I've just experienced an object lesson in why it's difficult to get any form of web/Internet application and content filtering "right".
I'm sitting in a cafe using the MiFi device I got a couple of weeks ago, which still has a Vodafone HSPA SIM in it. I'm currently writing up some profiles of various voice and messaging providers for a forthcoming report.
But when I try to get onto some service/software vendors' website, I get redirected to Voda's overzealous "Content Control" page. Now I'm sorry, but no matter how much you might not like "over the top" VoIP services or their ability to offer unfiltered access to other content, there's nothing offensive on the actual website for Skype.com or Fring.com or Jajah.com - where I want to check up press releases, service details and so on. There is absolutely zero excuse for censoring the parent home page, whatever you might want to do in terms of policy for the downloadable app itself.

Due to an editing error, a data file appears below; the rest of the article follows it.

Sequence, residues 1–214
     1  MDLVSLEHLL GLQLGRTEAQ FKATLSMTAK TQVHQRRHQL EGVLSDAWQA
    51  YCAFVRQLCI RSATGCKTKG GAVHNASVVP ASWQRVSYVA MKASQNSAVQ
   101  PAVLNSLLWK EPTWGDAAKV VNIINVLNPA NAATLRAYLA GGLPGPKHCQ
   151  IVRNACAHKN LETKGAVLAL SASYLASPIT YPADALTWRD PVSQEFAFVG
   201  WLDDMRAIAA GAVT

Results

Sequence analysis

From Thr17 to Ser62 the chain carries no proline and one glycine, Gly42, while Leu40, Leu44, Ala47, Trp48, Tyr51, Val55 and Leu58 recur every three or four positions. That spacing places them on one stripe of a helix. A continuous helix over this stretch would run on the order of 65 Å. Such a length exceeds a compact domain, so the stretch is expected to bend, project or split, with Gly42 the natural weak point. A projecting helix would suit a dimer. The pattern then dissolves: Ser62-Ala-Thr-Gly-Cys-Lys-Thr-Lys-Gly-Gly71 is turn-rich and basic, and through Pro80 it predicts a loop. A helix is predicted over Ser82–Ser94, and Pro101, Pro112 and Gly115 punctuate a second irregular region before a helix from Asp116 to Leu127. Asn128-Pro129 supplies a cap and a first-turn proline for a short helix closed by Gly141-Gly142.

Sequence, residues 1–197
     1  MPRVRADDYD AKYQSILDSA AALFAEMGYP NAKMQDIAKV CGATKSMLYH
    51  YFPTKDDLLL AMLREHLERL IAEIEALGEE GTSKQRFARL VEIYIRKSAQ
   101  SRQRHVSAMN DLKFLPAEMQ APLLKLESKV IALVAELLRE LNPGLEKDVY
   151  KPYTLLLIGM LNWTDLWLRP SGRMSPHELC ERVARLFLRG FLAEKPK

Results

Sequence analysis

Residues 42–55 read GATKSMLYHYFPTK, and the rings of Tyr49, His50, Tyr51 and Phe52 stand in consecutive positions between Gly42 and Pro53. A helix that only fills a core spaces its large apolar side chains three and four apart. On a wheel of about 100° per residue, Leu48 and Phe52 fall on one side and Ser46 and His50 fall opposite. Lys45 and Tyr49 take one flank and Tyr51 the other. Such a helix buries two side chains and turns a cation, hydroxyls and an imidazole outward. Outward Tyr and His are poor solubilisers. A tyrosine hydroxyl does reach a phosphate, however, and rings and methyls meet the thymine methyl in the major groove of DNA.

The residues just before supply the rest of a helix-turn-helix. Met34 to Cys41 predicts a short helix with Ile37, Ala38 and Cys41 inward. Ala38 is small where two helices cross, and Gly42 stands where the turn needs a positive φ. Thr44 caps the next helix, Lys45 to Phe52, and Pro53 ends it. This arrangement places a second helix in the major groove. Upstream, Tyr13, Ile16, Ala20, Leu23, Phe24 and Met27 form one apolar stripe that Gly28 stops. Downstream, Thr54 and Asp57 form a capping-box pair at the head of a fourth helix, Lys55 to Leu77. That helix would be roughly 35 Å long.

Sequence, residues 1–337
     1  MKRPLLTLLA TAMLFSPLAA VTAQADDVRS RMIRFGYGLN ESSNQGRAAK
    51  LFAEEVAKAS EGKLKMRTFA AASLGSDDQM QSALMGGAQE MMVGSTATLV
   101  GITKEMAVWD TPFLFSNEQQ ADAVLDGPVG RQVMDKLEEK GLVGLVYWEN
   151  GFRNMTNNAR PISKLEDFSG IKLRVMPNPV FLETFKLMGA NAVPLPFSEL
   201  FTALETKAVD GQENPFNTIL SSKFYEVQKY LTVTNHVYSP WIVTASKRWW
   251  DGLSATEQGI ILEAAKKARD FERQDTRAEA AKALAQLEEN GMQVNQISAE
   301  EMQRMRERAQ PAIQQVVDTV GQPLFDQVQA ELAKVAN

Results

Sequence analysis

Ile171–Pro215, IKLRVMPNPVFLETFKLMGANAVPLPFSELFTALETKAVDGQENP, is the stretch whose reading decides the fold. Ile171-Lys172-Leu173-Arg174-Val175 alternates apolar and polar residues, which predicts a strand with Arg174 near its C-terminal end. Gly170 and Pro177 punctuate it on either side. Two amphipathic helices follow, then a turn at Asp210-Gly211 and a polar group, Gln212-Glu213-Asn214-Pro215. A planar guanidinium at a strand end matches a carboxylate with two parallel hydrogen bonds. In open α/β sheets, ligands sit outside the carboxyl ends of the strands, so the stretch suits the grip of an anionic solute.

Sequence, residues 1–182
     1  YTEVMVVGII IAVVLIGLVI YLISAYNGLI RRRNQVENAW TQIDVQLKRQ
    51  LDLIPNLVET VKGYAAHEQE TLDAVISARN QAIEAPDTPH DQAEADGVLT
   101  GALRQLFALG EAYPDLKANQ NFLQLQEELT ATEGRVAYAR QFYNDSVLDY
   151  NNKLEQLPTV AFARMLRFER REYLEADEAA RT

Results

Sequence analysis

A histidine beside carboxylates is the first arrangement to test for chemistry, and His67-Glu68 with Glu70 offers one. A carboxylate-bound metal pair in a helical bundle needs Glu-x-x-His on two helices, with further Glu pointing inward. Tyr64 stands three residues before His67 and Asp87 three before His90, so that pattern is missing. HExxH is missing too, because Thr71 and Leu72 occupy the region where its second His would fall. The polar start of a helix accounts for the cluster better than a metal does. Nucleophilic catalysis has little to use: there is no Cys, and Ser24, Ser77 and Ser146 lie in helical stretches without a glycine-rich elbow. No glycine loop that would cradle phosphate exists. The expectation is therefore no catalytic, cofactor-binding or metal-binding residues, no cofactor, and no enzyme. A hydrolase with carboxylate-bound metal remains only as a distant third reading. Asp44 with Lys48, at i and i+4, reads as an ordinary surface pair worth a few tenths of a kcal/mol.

Yes, sure I could get onto the operator's customer service and jump through their hoops to get myself provisioned with full access to girls, gambling & harmless VoIP websites, but the libertarian in me thinks that it's deeply ironic that the Israel-based Fring is accessible from Iran but not London.
And, of course, I can get to the Fring page on Facebook - or install a variety of Skype-based applications on my page.
But some reason, Voda isn't blocking Truphone's web page, or Vopium's, Vykes or Mig33. But Nimbuzz and Mxit are blocked. Consistent or rational? I don't think so.
It's even more risible when (purely in the interests of science) I use Google's image search to look for something that might upset nanny. The gateway blocks certain thumbnails (presumbly based on URL) but not others.
It's instances like this that make me think that the mobile operators' often blind trust in packet inspection and "content control" will make them lose the trust of end users. How do I know that they won't change their "policy" tomorrow and block something I need?
Bottom line - if you're going to operate a Censorship Server (trademark: me), then make sure your Chief Censorship Officer is on the ball and occasionally thinks from a customer perspective. I'm in favour of intelligent ways to limit children from accessing undesirable things online - but this just highlights the wrong way of going about it.